# How to write a proof of n + 0 = n in Lean 4 using the built in definition of addition for Nats and not the theorem for Nat.add_zero?

I want to do the proof of n + 0 = n in Lean 4 using mathlib 4, my attempt:

-- Prove that n + 0 = n
theorem n_plus_zero : ∀ n : ℕ, n + 0 = n := by
intro n
-- use Nat.add to rewrite n + 0 to n


but I get it fails to progress with error:

basic_nats_using_mathlib_nats.lean:14:13
Tactic state
1 goal
n : ℕ
⊢ n + 0 = n
Expected type
n : ℕ
⊢ ℕ → ℕ → ℕ
Messages (1)
basic_nats_using_mathlib_nats.lean:14:6
failed to rewrite using equation theorems for 'Nat.add'
All Messages (8)


but the definition of Nat.add from mathlib 4 looks right to me, so I'm not sure why it's failing:

set_option bootstrap.genMatcherCode false in
/--

This definition is overridden in both the kernel and the compiler to efficiently
evaluate using the "bignum" representation (see Nat). The definition provided
here is the logical model (and it is soundness-critical that they coincide).
-/
protected def Nat.add : (@& Nat) → (@& Nat) → Nat
| a, Nat.zero   => a
| a, Nat.succ b => Nat.succ (Nat.add a b)


but the rewrite tactic did work when I manually did the proof with my definition of add (using add left, which seemed to be the opposite side of what mathlib 4 has). How do I fix my proof using the definition of addition in mathlib 4. Note, I know it works with the Nat.add_zero theorem:

Nat.add_zero (n : ℕ) : n + 0 = n
import Init.Core


which is not what I am puzzled/trying to learn about.

Thanks!

• Just to be pedantic the definition of addition on Nat doesn’t live in mathlib. It is in core Lean. The only part of your question requiring mathlib is the notation ℕ. Commented Jun 1 at 3:24

The + notation is used for the general typeclass that represents addition. If you set the pretty printer to be maximally verbose set_option pp.all true you can see that the goal doesn't (directly) use Nat.add, it's stated as:

@Eq.{1} Nat


If you unfold the more general addition typeclasses used, you do get to Nat.add and you can (but you shouldn't) prove this by rewriting with Nat.add.

theorem n_plus_zero : ∀ n : Nat, n + 0 = n := by
intro n
-- Now the goal is Nat.add n 0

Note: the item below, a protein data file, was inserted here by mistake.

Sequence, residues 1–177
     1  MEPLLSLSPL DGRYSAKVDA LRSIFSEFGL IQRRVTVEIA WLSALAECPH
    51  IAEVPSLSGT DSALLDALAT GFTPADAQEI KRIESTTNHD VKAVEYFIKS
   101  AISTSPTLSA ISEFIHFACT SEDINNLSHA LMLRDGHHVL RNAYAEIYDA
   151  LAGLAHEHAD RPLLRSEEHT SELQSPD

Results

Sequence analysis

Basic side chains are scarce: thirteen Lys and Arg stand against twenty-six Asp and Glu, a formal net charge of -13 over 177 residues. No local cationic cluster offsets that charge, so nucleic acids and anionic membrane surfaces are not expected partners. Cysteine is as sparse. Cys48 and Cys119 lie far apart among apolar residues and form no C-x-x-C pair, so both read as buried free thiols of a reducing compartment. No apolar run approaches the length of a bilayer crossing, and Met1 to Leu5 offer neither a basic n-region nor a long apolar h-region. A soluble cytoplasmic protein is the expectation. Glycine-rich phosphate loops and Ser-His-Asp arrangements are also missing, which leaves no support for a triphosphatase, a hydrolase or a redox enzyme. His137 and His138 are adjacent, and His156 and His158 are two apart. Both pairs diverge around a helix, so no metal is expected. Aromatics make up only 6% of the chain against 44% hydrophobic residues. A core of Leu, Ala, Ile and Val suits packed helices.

done


These kind of direct references to an implementation on a specific type (like the rewrite lemmas for Nat.add) usually just serve as stepping stones a developer can use to prove that Nat.add has some more generic structure (for example, that it's an additive monoid), then that implementation of the more generic structure becomes the "public API". In this case, there's a generic add_zero theorem in Mathlib (admittedly I'm not sure what the idiomatic way is to discover the relationship between something a user might think to find, like AddMonoid and something like AddZeroClass, maybe someone can fill me in).

In an isolated example like this, the whole exercise may feel like noisy indirection, but the direct approach does not scale well for developments like Mathlib.

• what do you mean by the direct approach? Commented May 28 at 3:08
• Maintaining a 1:1 mapping where (a : Nat) + 0 = 0 is canonically (and potentially only) associated with the equational lemma for Nat.add, (a : Nat) * 1 = a with the equational lemma for Nat.mul, etc. Commented May 28 at 4:20

I'm not sure the broader goal you are asking about, but just to make sure it is clear (in addition to Chris Bailey's good answer), these sort of "follow the definition" simplifications are definitionally equal and can be proved with rfl:

theorem n_plus_zero : ∀ n : Nat, n + 0 = n := by
intro n
rfl


Of course, in practice, you are usually looking to prove a theorem with (n + 0) in it, but not where it is the goal. Nonetheless, you have a number of options to use this definitional equality.

-- make a lemma
theorem foo0 (n : Nat) : 2 * (n + 0) = n + n := by
have h : n + 0 = n := rfl
rw [h]
sorry

-- make an inline lemma
theorem foo1 (n : Nat) : 2 * (n + 0) = n + n := by
rw [(by rfl : n + 0 = n)]
sorry

-- break up steps using calc
theorem foo2 (n : Nat) : 2 * (n + 0) = n + n := by
calc
2 * (n + 0) = 2 * n := rfl
_           = n + n := sorry